The band Principal Edwards dates back to 1968, when it was formed by art and music students at Exeter University as an ambitious (if, being a 14-piece, somewhat unwieldy!) self-styled, freeform "loosely based musical and theatrical co-operative" then going under the all-embracing name of Principal Edwards Magic Theatre. In that incarnation they were one of the most memorable and era-defining touring bands for the next couple of years, being championed by John Peel and releasing two albums on his Dandelion label - after which their unique artistic confluence and archetypal hippie commune dream turned uneconomic and thus unsustainable, and they were left with no choice but to disband.
Out of the ashes, however, rose the purely musical side of the earlier band - Root Cartwright, David Jones and Belinda Bourquin - who were joined by Richard Jones, Nick Pallet and Geoff Nicholls to form a more streamlined, more rock-oriented outfit which was (appropriately) renamed plain Principal Edwards. In the manner of the contemporary zeitgeist, though, theatre was inevitably still in much in the frame, and Bowie and Zappa in particular were admittedly more than subliminal influences on the band's music. Their touring show featured a multi-media concept piece The Adventures Of Stone Age Sam, and the stage act used wild costumes much in the manner of early Genesis (as in fact listening with hindsight reveals echoes of that band's music too, albeit without an equivalent metrical complexity). In the summer of 1973, Principal Edwards released a couple of taster-style singles (both happily included on this first-official-UK-release CD - Captain Lifeboy is a particularly appealing mix of early Bowie and folky Tull), followed the next year by the fully-fledged Round One album (on Decca's Deram subsidiary). In spite of its often intriguing musical vision, its oddly flat recorded sound and decidedly disappointing sleeve design didn't endear it to audiences, and it's good to hear what a great job the current remastering has done in opening up the sound and restoring at least a healthy measure of the spark of the band's live presence. This is intelligent and imaginative prog-rock, creative but without the pretentiousness that marred much of the era's music. But its thoughtful stylishness may have been a barrier to acceptance in those times of instant glam gratification, even though its immediacy and able Nick Mason production should have scored more highly with potential purchasers than it did.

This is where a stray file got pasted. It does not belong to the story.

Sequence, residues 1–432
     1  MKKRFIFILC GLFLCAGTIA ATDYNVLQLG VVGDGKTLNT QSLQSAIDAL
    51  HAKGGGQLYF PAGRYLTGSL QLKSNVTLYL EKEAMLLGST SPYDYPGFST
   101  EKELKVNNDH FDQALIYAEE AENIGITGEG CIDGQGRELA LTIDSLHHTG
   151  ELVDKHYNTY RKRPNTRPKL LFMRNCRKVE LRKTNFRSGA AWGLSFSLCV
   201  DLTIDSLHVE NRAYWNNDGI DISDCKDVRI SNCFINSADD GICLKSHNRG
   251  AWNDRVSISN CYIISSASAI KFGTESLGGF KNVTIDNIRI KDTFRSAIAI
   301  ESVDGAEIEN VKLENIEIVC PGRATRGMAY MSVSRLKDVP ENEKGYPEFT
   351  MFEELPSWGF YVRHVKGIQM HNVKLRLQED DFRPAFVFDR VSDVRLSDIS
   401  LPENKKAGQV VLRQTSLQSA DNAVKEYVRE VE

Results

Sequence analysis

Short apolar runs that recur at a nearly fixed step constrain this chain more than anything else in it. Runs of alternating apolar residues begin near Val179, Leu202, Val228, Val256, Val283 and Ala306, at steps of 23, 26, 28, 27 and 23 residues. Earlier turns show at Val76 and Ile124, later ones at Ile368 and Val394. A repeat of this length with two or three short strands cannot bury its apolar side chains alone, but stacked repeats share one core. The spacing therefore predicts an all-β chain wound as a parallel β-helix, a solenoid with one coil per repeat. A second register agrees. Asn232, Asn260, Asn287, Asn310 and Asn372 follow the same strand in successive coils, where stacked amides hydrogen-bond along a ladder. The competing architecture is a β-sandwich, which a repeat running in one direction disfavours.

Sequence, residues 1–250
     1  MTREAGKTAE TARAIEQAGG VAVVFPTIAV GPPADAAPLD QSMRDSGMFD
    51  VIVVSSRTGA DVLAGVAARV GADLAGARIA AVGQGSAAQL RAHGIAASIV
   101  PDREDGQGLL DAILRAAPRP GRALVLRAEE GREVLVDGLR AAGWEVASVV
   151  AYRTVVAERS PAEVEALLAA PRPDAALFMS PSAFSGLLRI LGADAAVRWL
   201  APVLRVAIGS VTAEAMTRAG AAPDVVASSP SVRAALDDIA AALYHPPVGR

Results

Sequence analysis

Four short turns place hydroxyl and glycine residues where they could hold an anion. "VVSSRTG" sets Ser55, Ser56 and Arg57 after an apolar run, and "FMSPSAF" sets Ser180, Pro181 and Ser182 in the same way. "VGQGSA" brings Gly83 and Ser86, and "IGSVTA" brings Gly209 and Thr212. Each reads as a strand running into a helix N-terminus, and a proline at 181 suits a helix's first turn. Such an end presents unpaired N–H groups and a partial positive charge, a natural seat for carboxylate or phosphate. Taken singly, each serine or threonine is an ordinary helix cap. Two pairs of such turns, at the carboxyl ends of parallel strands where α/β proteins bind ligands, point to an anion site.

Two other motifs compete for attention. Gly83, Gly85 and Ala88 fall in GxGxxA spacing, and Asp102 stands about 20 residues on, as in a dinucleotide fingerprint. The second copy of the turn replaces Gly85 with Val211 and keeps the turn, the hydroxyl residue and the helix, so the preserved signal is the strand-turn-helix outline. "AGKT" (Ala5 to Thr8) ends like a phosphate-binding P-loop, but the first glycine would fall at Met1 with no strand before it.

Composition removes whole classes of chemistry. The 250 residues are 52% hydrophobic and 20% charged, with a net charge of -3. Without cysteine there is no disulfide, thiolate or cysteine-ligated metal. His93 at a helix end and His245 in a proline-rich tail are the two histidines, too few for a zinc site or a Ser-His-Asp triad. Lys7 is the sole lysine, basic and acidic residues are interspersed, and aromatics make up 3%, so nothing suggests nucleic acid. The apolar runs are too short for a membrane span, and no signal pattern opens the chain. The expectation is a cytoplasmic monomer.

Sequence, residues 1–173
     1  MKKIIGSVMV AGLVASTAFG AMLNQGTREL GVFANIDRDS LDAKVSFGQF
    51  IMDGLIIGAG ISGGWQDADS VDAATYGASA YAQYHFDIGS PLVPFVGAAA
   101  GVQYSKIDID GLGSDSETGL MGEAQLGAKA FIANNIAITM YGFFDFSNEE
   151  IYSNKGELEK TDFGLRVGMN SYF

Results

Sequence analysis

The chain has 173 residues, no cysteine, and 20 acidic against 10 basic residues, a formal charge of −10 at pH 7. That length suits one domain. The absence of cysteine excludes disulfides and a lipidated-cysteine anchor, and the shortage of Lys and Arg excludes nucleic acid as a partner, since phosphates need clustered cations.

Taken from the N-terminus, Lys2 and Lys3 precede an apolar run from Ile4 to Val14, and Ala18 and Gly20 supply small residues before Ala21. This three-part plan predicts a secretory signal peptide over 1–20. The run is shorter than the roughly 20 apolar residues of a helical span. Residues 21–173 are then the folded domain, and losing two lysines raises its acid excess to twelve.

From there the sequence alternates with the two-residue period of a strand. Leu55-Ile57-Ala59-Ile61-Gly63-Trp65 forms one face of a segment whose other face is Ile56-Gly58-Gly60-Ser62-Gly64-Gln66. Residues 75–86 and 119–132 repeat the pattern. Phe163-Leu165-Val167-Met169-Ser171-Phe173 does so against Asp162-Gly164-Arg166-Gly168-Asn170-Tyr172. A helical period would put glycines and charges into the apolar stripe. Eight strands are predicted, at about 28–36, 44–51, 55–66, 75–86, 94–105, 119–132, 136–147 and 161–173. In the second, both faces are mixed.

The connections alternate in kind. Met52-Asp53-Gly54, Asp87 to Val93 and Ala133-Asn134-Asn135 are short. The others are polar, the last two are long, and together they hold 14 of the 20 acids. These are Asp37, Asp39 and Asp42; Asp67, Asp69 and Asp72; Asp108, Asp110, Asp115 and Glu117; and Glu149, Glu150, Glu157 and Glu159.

The album's title indicated the start of a series of records, but that was not to be (even in spite of some promising demos the following year, subsequently released as The Devon Tapes) as members drifted apart and away. So let's rejoice at the chance to hear and reassess the output of Principal Edwards over an especially creative couple of years in the mid-70s, which was nothing less than a difficult time for music appreciation. This long-awaited Esoteric reissue is splendid, sounds fabulous, and contains within its 20-page booklet all the lyrics as well as a biographical essay which gives due perspective while informed by timely reminiscences from the three original band members, along with a clutch of previously unseen photos.
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